Newspaper headlines: 'Access denied' and new rules to 'slash migration' – BBC

"Access Denied" is the Sun's front page headline, in reference to the government's new plans to reduce migration. Writing for the paper, Rishi Sunak sums up the approach as: "If you can't contribute to the UK, you can't come to the UK." The Daily Express calls the measures sensible and practical. In its editorial, the Times describes them as a sound basis for reducing the number of people coming to the country and a proportionate response.
For the Daily Mail, the proposals are far-reaching but it also has a warning for the government. The fact that the measures will not be introduced until April means "Mr Sunak may find that he has taken what he considers to be radical action only to find an ungrateful public has barely noticed". In her analysis in the Daily Telegraph, Camilla Tominey notes: "It remains to be seen whether the public will view still granting visas to the equivalent of the population of Leeds every year as the largest reduction on record", as the government has claimed. The Daily Mirror is scathing in its assessment calling the plans chaotic and cruel.
In its lead story, the Guardian says the UK's most hazardous nuclear site, Sellafield in Cumbria, has been hacked into by cyber groups linked to Russia and China. It claims the security breach was first detected in 2015, and it is not yet known if the malware has been eradicated. Sellafield has told the paper it has no record of its networks being successfully attacked by state actors.
There is evidence, the Telegraph says, of insider trading that meant people with prior knowledge of the Hamas attack on Israel on 7 October, made tens of millions of pounds. It has spoken to an analyst who detected unusual volumes of short-selling of stocks prior to the attack. The paper claims similar activity was noted in April, when an attack was planned then cancelled at the last minute.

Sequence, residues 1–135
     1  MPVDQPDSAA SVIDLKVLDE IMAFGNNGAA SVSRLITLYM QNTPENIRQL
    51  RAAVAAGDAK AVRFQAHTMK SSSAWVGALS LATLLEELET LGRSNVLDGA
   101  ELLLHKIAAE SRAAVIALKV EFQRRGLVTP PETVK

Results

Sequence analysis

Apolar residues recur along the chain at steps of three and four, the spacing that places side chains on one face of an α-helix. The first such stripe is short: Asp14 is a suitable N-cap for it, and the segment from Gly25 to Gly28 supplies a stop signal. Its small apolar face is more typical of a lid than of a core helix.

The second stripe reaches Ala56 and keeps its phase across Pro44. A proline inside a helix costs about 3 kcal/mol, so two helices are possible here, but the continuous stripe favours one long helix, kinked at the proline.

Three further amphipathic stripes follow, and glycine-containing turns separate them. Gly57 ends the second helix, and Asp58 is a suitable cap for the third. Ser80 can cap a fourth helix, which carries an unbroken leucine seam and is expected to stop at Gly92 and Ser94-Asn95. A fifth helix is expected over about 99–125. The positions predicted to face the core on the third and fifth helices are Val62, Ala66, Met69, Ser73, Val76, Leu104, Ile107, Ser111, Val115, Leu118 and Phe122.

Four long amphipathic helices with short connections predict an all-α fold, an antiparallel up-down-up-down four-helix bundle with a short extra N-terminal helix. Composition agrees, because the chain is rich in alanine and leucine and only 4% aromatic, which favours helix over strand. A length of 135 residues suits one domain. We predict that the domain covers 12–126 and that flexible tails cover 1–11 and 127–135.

The Times warns that "shrinkflation" is going to be "no cause for celebration" this Christmas. It explains that shoppers expect to spend an average £105 more because boxes of chocolates, tins of biscuits, mince pies and cheeses have risen in price despite actually getting smaller.
City AM compares the Chancellor Jeremy Hunt to Monty Python's Black Knight character – renowned for his sunny optimism in battle even after losing both arms and legs – after his comments, at a Resolution Foundation event, that the UK economy has a "sprained ankle rather than a broken leg". The Sun says Mr Hunt reckons Britain can become the success story of the 21st Century because of its untapped potential.
The Daily Mirror says it can shed light on the lack of screen time for Nigel Farage on I'm A Celebrity… Get Me Out Of Here. It quotes an ITV insider as saying "the local wildlife is more entertaining than he is" – citing the topics of his two main conversations over the weekend: EU fishing quotas and the House of Lords. On that latter subject, Paul Waugh – writing in the i – suggests it makes sense for Rishi Sunak to make Mr Farage a peer to see off any risk of him re-joining the Tories with a view to becoming leader.
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